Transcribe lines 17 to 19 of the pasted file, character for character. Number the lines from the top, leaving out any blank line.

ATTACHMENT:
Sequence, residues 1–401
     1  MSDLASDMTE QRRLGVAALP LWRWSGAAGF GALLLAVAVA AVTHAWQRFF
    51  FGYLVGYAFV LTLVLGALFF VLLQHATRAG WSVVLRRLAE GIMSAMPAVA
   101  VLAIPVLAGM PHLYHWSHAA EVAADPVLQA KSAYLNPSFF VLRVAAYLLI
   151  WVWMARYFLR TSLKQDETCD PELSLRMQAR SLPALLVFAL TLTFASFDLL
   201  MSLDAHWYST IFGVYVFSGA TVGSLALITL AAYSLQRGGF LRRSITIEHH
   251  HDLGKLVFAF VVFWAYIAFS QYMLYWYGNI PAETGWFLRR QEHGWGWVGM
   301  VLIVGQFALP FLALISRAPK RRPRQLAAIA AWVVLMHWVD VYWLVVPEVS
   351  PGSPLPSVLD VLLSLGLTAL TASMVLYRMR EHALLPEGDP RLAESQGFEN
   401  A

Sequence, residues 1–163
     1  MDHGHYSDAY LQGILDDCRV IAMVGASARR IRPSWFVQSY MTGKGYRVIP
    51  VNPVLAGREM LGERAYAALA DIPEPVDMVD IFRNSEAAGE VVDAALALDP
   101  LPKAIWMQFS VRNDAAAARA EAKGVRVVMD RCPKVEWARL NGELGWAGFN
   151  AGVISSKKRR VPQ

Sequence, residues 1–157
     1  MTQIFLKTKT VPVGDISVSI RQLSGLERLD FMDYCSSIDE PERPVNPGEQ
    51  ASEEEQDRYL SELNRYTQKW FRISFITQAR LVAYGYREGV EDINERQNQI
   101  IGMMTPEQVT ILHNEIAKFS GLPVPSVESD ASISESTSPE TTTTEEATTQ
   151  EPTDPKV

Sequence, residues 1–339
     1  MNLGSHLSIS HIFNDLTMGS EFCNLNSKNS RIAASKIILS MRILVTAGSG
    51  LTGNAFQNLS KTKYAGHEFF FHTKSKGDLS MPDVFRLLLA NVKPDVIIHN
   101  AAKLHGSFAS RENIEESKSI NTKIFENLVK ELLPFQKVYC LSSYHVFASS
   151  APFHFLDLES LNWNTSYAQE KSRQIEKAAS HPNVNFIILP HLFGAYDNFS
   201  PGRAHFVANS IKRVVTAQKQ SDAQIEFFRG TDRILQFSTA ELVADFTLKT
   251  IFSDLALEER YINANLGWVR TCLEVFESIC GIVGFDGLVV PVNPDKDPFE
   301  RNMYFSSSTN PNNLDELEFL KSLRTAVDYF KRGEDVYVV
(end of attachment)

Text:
     1  MTQIFLKTKT VPVGDISVSI RQLSGLERLD FMDYCSSIDE PERPVNPGEQ
    51  ASEEEQDRYL SELNRYTQKW FRISFITQAR LVAYGYREGV EDINERQNQI
   101  IGMMTPEQVT ILHNEIAKFS GLPVPSVESD ASISESTSPE TTTTEEATTQ